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Analysis: Iran's oil exports down sharply in first-half August


Initial data shows Aug 1-16 oil exports 1.68 mil b/d

Exports averaged 2.32 mil b/d in Jul

Demand from India slumps

Iran's refinery runs, floating storage expected to grow

London — Oil exports from Iran have fallen steeply in the first half of August, according to preliminary tanker tracking data, as the threat of US sanctions is already beginning to curb demand from some of the OPEC member's key customers.

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Initial estimates gathered from Platts trade flow software cFlow suggest that Iran oil crude and condensate exports have plummeted to 1.68 million b/d in the first 16 days of August, down over 600,000 b/d from loadings in July.

This compares with exports averaging 2.32 million b/d in July as a whole and 2.10 million b/d in the first 16 days, S&P Global Platts estimates show.

Sources said these preliminary numbers show key buyers of Iranian oil are starting to cut back ahead of looming US sanctions against Iran's oil sector.

Preliminary tracking data shows demand from India for Iranian crude has dived. cFlow data shows that 203,938 b/d of crude flowed to India over August 1-16, compared to 706,452 b/d in July.

US sanctions snap back on November 4 and analysts expect this to block up to 500,000-1 million b/d of Iranian crude exports. The fresh data shows an impact could be felt as early as this month.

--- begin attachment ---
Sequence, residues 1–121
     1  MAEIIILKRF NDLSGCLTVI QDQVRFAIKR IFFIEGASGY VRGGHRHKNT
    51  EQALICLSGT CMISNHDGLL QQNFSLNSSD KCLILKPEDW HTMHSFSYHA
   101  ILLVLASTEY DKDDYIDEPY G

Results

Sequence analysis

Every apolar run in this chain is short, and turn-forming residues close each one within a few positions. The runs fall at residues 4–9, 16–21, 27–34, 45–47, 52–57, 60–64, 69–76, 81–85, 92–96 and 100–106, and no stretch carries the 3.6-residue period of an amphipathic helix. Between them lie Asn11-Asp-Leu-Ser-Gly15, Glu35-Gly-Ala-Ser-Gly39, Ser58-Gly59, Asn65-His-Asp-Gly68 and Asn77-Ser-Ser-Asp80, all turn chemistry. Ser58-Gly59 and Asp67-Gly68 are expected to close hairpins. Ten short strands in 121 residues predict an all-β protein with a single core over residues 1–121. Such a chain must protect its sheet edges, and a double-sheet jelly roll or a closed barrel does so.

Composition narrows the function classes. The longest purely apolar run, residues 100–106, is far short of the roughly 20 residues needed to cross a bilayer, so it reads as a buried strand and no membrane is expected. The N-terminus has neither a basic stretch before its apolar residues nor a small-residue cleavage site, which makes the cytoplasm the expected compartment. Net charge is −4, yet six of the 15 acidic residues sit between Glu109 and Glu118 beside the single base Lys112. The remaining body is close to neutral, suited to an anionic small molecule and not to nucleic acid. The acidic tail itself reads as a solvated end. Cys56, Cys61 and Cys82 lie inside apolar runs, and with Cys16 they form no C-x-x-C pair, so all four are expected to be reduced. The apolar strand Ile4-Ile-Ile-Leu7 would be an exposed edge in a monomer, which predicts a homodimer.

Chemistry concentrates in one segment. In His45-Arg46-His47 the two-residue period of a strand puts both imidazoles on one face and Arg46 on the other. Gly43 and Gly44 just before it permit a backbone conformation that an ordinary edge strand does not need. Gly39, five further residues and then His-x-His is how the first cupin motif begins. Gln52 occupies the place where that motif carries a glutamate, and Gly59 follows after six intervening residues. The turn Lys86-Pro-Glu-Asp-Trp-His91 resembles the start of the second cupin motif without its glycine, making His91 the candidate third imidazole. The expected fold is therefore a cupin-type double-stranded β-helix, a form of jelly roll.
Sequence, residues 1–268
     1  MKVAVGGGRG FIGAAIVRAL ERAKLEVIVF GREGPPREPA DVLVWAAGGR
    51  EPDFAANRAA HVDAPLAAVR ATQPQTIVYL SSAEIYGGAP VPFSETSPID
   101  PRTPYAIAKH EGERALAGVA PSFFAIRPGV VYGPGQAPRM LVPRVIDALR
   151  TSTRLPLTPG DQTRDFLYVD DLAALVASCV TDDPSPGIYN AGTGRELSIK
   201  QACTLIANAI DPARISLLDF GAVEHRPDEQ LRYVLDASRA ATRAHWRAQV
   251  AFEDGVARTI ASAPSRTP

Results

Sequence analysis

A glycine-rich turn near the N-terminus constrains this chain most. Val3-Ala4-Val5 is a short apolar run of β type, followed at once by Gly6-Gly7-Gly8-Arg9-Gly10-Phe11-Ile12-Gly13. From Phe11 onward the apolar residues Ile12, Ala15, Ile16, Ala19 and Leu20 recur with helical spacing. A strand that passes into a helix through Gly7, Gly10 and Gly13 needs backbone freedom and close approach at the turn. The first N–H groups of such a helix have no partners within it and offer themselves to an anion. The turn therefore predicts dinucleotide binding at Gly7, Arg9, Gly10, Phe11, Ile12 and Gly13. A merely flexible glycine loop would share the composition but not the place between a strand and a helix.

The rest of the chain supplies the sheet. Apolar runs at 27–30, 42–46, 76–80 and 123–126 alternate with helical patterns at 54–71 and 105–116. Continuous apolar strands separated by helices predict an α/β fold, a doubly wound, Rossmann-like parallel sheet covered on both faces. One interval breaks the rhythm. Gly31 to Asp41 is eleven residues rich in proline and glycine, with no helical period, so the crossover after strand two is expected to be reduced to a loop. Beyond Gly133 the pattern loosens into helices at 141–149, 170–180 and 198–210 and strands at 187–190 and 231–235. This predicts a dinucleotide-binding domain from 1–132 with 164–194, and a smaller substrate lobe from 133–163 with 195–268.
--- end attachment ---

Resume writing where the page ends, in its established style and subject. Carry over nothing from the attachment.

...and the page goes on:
There have been questions around India -- the second-largest buyer of Iranian crude -- which is under pressure from the US government to cut its reliance on Iran's oil.

This occurs as Indian refiners are dramatically stepping up their US crude purchases as questions loom over future buys from Iran and the trade war heats up between Beijing and Washington.


Buying interest from China, Iran's largest oil customer, was only slightly reduced. Loadings to China from August 1-16 were 615,688 b/d compared to 722,100 b/d in July. Demand from Japan remained steady while for the second month in a row, South Korea halted its imports of Iran's condensates, of which it used to be a key buyer.

The Asian country has already started to find alternative supplies to Iranian condensates after pressure from the US.

Flows to Europe in the first-half of August were, however, up strongly, with flows at 631,814 b/d, compared to 465,450 b/d in July. Italian demand stayed strong and other buyers in this regions consisted of Turkey, Greece, France, Spain and Croatia.

But sources have said that despite a fall in exports, Iranian crude production is expected to not have fallen sharply, as Tehran has diverted some of these barrels to its domestic refining system.

Iran also has ample domestic storage which can absorb the barrels that fail to find homes. Previously, when the US and EU imposed sanctions on Iran, the country put almost 50 millions barrels of crude and condensates on floating storage between 2012 and January 2016.

Refinery runs in the country have been picking up in the past few months.

Iran's gasoline production has surged 50% over the last 12 months, with further increases to come, according to the oil ministry.

The boost in production comes from the Persian Gulf Star condensates refinery, which started up in April last year, after years of delays, using Iran's locally produced South Pars condensate as feedstock.

--Eklavya Gupte,

--Jack Jordan,

--Edited by Jeremy Lovell,